Bus & coach: ETF & major EU organisations join efforts to defend driver, passenger and road user safety

2018-Feb-14

The European Cyclists’ Federation (ECF), the European Federation Road Traffic Victims (FEVR) and the European Transport Safety Council (ETSC), three major EU organisations representing safety interests of road users and passengers, met with the ETF on Monday 12 February to discuss risks relating to the business lobby in road passenger transport. As it’s no longer a secret: bus & coach operators lobby heavily at the EU level for a laxer, allegedly “customer-friendly”, driving and rest time regime for the sector.

Most worrying, Brussels shows itself responsive to this lobby. And since most of the EU road transport legislation is now open to revision, some in the EU Institutions are ready to take the industry demands on board.

The ETF, ECF, ETSC and FEVR are ready to act to tip the balance in favour of road safety and at the Monday’s meeting they already started discussing how to make their joint concerns heard. Too much is at stake! Working 16 hours per day, driving 12 days without any day off, skipping hours and days of rest drivers are entitled to under the current regulation, all this will lead to no improvement in safety records for the bus and coach transport.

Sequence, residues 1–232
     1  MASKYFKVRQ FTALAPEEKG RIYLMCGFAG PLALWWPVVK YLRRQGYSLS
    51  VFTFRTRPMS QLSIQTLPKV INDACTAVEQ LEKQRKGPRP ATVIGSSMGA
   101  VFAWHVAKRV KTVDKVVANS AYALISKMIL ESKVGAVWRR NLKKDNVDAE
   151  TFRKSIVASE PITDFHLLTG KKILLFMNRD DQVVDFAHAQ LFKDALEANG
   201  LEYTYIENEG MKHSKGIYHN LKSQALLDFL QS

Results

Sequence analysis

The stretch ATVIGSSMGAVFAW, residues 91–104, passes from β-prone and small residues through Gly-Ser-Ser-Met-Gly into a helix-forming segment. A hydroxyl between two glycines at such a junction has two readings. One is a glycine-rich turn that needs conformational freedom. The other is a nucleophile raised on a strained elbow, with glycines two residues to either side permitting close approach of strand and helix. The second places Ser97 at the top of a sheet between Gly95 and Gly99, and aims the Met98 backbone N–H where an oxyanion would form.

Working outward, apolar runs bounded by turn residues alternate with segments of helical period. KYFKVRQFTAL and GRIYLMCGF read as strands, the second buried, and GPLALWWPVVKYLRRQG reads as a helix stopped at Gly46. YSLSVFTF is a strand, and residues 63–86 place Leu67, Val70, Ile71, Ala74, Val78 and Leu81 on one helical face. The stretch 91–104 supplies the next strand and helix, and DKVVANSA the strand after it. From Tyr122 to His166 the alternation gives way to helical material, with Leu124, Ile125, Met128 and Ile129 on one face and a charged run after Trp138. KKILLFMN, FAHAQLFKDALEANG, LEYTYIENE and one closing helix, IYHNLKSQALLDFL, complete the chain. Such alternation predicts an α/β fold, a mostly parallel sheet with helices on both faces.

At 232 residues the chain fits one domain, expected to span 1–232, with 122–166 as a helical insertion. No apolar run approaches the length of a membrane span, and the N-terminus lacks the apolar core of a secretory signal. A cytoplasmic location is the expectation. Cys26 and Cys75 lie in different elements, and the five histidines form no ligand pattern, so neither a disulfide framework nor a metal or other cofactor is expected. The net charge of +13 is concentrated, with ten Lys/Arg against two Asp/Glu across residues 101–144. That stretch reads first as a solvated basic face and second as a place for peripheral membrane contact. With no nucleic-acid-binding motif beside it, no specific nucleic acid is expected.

In the past 12 years since the adoption of Regulation 561/2006 – the EU legal act setting maximum driving times and minimum rest periods for drivers – traffic conditions, workload, levels of work-related stress have worsened. One wonders then how can the EU go for more flexible rules while pretending there is no harm to safety???

This in the context where no EU-wide driver fatigue study has been carried out for the past 15 years. And national studies – if any – are out of reach. Driver fatigue is simply not seductive enough in EU policy-making circles. It is an uncomfortable topic for those wanting more flexibility and weaker rules.

The Monday meeting is far from being some stand-alone initiative. This is part of a wider ETF plan to include: developing a counter-proposal with much stricter rules, to feed into the revision process of the driving and rest time rules; building alliances with EU and national organisations with a strong interest in road safety; engaging in actions aimed to inform the wide public about the possible changes in driving and rest time rules and their potential impact on safety! And it’s all happening this spring!

“Safety first” is key to building a sustainable road passenger transport in Europe!

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